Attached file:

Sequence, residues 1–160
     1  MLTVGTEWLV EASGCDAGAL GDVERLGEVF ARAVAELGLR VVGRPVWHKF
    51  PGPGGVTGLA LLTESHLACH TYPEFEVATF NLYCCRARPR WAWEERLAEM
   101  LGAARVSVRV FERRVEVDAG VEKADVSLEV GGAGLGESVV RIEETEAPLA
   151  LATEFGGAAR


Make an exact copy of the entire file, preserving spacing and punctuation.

Sequence, residues 1–160
     1  MLTVGTEWLV EASGCDAGAL GDVERLGEVF ARAVAELGLR VVGRPVWHKF
    51  PGPGGVTGLA LLTESHLACH TYPEFEVATF NLYCCRARPR WAWEERLAEM
   101  LGAARVSVRV FERRVEVDAG VEKADVSLEV GGAGLGESVV RIEETEAPLA
   151  LATEFGGAAR